If you have rules specifying how certain tasks should be performed, post them in the work area. That helps workers do their jobs correctly and helps you point out when a rule is broken. Some employers state clearly in their handbooks that employees are subject to firing without cause. Some companies ask employees to acknowledge this by signing a form. There’s a trade-off here: Signing such a statement won’t endear your workers to you and the company. A policy of firing only for just cause is more likely to build loyalty, but it might subject you to judicial review.
Termination Guideline #3 — Avoid wrongful termination suits: Use progressive discipline policy
While no federal or state law requires you to create and follow a progressive discipline policy, courts often come down hard on employers that promise progressive discipline but fail to deliver it. In fact, many employee lawsuits stem from the employee’s perception that he or she didn’t receive a “fair” deal.
That’s why the most reliable way to protect your organization from wrongful termination charges is to establish a progressive discipline system and make sure your supervisors enforce it.
An increasing number of lawsuits have been filed in which terminated employees complain that employers have violated their own progressive discipline policies by firing the employee before working through all the rungs on the progressive-discipline ladder.
That’s why your policy should include language allowing you to skip progressive discipline and fire employees right away for particularly egregious behavior.
While it’s usually your right to terminate at-will employees at any time for misconduct or lax performance, a progressive discipline policy lets you make clear that problems exist and need improvement.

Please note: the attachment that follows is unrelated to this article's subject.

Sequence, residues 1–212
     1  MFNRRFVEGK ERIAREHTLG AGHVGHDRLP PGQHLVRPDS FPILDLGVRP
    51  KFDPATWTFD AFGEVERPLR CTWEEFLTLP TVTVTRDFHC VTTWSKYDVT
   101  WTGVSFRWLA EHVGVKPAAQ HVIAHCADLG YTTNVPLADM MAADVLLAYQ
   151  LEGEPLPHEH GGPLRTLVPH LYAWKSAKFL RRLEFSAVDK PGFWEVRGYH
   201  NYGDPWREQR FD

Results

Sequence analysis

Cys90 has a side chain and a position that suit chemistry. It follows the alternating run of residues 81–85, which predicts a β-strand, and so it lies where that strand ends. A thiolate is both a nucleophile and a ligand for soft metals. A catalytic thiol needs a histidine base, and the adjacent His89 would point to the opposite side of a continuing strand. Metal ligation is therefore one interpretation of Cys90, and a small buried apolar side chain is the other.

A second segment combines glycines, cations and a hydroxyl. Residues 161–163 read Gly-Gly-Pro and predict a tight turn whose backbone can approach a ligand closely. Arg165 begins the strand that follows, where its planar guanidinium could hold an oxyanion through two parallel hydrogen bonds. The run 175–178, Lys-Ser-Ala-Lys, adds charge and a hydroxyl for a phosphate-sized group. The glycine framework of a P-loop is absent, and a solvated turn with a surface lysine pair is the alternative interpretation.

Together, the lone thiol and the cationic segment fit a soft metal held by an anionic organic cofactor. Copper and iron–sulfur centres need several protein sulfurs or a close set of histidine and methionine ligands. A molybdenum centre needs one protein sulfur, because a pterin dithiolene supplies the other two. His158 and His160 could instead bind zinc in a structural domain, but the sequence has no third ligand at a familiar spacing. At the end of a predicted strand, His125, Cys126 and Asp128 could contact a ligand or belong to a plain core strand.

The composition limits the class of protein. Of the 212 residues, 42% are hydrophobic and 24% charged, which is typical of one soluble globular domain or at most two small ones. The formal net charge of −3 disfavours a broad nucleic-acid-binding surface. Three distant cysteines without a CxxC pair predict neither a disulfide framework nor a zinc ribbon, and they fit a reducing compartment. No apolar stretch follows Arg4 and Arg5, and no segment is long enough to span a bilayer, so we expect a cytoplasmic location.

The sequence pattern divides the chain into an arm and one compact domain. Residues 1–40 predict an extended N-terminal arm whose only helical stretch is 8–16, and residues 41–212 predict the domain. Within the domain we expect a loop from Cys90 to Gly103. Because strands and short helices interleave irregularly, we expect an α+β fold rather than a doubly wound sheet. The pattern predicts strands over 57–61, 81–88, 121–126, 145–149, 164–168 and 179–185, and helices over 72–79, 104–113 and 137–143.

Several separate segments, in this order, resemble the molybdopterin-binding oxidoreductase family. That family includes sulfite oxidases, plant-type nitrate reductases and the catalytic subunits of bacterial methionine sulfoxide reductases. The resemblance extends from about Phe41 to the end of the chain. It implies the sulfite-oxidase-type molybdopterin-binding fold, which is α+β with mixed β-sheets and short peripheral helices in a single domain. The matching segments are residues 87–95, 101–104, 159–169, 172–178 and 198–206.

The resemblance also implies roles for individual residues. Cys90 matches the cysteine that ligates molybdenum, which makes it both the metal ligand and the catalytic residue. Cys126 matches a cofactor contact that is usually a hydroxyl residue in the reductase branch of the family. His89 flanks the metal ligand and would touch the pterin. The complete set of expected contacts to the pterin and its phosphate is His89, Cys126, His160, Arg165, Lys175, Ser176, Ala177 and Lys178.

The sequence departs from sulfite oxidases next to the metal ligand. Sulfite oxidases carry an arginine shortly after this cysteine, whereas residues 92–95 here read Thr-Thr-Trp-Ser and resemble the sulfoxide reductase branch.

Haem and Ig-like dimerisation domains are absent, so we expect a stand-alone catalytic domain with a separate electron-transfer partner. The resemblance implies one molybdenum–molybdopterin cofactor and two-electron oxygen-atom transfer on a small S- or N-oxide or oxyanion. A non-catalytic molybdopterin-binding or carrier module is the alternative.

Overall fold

How it works: Your policy simply increases the severity of a penalty each time an employee breaks a rule. Typically, a policy progresses from oral warnings to written warnings, suspensions and then termination. That way, employees won’t be surprised when they reach the end and are fired. By taking the surprise out of the firing, you lessen your exposure to a wrongful termination lawsuit.
Termination Guideline #4 — Beware of constructive discharge
Constructive discharge occurs when employees claim their working conditions were so intolerable that they were forced to quit. Employers must stay within federal employment laws so they don’t contribute to factors that trigger constructive discharge claims, and don’t heighten the risk of employee lawsuits.
1. What do the courts look at when it comes to claims of constructive discharge? What types of actions can lead to such a claim?
Here’s how one state supreme court defined constructive discharge: “An employee who is forced to resign due to actions and conditions so intolerable or aggravated at the time of his resignation that a reasonable person in the employee’s position would have resigned, and whose employer had actual or constructive knowledge of the intolerable actions and conditions and of their impact on the employee and could have remedied the situation, but did not, is constructively discharged.”